• [0009]
    Another object of the invention is to allow for the load to be level during operation, allow for easy break down by one person, to allow for one or two man operation.
  • [0010]
    Other objects and advantages of the present invention will become apparent from the following descriptions, taken in connection with the accompanying drawings, wherein, by way of illustration and example, an embodiment of the present invention is disclosed.
  • [0011]
    In light of the above mentioned shortcomings of the known prior arts, the present invention was developed. The invention is a hand operated utility cart which includes an extended handle assembly capable of supporting extra long loads, a primary platform and a modified bicycle fork assembly.
  • [0012]
    The cart includes a single platform mounted on top of two independent front bicycle fork assemblies. An extended handle assembly includes a long rectangular member, a bicycle handle bar with stem, an extended kickstand and a hand lock breaking system secured to the platform.
  • [0013]
    For a better understanding of the invention, its operating advantages and specific objectives of its uses, reference should be made to the accompanying drawings along with its descriptive matter in which there is illustrated embodiments of the invention.
  • [0014]
    The drawings constitute a part of this specification and include exemplary embodiments to the invention, which may be embodied in various forms. It is to be understood that in some instances various aspects of the invention may be shown exaggerated or enlarged to facilitate an understanding of the invention.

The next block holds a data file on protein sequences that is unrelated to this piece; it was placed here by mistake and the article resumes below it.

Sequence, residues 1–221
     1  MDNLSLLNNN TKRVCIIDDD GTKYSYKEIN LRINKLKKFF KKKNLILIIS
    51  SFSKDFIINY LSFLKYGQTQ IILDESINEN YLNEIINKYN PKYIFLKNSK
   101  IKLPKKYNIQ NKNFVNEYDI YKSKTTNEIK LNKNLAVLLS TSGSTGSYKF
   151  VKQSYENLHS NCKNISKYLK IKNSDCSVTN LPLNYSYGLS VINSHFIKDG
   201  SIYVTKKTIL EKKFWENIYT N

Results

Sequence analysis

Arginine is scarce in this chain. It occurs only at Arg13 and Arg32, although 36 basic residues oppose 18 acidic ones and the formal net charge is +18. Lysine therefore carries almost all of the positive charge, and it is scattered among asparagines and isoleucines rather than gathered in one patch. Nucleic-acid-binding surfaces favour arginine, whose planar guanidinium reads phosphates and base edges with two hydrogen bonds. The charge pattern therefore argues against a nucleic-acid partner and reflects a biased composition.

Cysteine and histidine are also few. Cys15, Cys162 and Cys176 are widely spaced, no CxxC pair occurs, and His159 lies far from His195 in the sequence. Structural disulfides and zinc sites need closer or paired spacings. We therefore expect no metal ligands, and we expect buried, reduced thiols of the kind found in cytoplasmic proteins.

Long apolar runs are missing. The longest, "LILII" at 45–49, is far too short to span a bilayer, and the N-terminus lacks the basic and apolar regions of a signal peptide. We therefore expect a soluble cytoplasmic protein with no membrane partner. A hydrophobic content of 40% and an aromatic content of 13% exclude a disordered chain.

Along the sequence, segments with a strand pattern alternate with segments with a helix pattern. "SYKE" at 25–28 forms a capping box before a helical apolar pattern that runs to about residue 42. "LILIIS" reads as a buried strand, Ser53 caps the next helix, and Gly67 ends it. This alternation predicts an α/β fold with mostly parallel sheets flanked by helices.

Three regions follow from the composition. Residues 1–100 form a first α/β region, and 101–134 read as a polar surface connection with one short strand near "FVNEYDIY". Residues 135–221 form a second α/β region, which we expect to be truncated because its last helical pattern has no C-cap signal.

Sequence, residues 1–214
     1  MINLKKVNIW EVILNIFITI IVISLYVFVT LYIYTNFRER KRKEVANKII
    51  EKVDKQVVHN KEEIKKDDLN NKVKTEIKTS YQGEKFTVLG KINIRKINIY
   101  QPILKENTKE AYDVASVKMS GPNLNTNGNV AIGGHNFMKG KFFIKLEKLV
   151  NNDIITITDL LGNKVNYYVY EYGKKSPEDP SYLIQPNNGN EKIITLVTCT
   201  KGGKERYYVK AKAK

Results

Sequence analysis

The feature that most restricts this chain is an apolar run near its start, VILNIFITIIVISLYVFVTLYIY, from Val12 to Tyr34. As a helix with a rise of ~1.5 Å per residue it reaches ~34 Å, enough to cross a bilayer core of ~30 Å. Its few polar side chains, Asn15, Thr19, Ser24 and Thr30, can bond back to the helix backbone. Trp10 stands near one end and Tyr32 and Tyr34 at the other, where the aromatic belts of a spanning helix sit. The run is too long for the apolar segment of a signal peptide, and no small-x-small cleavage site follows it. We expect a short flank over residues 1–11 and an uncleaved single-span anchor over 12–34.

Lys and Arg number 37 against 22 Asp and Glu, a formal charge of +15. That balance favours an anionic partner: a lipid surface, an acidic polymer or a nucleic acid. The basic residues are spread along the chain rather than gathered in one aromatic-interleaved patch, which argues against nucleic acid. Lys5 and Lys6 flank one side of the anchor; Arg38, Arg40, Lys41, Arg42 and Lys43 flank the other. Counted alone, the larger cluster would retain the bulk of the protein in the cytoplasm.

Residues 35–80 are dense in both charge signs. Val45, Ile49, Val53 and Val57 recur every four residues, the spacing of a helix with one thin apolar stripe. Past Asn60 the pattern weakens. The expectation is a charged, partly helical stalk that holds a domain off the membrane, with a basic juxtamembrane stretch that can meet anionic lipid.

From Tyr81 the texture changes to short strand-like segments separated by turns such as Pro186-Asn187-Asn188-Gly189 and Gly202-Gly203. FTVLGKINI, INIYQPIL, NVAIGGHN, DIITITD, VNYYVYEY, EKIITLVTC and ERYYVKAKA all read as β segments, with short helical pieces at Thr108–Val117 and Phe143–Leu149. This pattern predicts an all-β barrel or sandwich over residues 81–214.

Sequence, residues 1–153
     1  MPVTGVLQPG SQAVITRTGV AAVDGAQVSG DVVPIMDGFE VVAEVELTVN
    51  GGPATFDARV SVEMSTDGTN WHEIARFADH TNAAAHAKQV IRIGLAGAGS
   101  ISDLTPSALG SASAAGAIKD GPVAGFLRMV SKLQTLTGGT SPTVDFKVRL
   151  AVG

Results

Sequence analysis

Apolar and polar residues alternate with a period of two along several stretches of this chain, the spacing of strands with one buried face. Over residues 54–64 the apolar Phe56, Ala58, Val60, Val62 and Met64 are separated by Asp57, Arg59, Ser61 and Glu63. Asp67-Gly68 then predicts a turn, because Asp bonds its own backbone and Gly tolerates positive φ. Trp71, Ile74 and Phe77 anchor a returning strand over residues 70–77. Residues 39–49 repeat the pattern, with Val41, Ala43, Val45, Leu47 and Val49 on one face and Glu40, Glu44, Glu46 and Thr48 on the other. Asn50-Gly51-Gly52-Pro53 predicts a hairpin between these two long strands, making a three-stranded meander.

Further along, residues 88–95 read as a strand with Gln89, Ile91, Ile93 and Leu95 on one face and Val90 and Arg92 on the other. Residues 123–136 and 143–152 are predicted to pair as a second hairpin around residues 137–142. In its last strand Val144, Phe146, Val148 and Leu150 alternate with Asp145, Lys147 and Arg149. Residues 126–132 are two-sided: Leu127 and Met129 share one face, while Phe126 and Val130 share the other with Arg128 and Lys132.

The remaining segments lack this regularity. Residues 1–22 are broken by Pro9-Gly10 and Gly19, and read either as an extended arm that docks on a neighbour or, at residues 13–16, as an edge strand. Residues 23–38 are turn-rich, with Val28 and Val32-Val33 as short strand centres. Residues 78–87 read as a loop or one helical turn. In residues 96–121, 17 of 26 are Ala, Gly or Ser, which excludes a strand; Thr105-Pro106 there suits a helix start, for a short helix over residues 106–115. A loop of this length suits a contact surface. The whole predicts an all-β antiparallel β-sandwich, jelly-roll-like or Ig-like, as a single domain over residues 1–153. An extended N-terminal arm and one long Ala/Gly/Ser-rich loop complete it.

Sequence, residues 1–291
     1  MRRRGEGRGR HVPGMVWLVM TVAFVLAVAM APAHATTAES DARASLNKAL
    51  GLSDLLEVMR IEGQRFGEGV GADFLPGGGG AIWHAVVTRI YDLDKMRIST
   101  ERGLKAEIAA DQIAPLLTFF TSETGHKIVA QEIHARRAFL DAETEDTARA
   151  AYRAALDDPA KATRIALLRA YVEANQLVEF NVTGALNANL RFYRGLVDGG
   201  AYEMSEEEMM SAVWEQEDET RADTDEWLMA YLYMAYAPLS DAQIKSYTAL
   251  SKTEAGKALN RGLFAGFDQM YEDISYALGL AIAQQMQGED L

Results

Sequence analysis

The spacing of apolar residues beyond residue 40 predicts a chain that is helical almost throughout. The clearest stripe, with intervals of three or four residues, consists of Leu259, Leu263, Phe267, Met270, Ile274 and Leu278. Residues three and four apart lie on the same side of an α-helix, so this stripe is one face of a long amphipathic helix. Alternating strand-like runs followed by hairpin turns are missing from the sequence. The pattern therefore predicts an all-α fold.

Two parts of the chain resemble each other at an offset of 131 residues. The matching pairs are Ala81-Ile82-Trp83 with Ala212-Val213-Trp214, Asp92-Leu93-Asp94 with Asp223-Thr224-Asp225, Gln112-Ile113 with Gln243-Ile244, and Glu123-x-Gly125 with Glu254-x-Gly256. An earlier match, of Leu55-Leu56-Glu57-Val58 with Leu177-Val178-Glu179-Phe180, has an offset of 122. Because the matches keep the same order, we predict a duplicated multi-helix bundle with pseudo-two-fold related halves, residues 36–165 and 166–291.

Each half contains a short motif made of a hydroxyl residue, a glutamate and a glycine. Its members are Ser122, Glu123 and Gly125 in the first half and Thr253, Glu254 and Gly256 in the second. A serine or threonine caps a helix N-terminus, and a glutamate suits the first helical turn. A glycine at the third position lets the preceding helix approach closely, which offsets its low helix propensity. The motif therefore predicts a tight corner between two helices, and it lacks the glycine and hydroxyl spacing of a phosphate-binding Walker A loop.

• BRIEF DESCRIPTION OF THE DRAWINGS
  • [0015]
    [0015]FIG. 1 is a perspective view of an embodiment of the present invention.
  • [0016]
    [0016]FIG. 2 is a plan front view of the embodiment of FIG. 1.
  • [0017]
    [0017]FIG. 3 is a plan rear view of the embodiment of FIG. 1.
  • [0018]
    [0018]FIG. 4 and FIG. 5 is a plan side view of the embodiment of FIG. 1.
  • [0019]
    [0019]FIG. 6 is a plan top view of the embodiment of FIG. 1.
  • [0020]
    [0020]FIG. 7 is a plan bottom view of the embodiment of FIG. 1.
  • [0021]
    [0021]FIG. 8 is a schematic transverse cross-section of a platform of a second embodiment of the present invention.
  • [0022]
    [0022]FIG. 9 is a schematic longitudinal cross-section of the platform of the embodiment of FIG. 8.
  • [0023]
    [0023]FIG. 10 is a schematic transverse cross-section of a platform of a third embodiment of the present invention.
  • [0024]
    [0024]FIG. 11 is a schematic longitudinal cross-section of the platform of the embodiment of FIG. 8.
  • DETAILED DESCRIPTION OF THE PREFERRED EMBODIMENTS
  • [0025]
    Detailed descriptions of the preferred embodiment are provided herein. It is to be understood, however, that the present invention may be embodied in various forms. Therefore, specific details disclosed herein are not to be interpreted as limiting, but rather as a basis for the claims and as a representative basis for teaching one skilled in the art to employ the present invention in virtually any appropriately detailed system, structure or manner.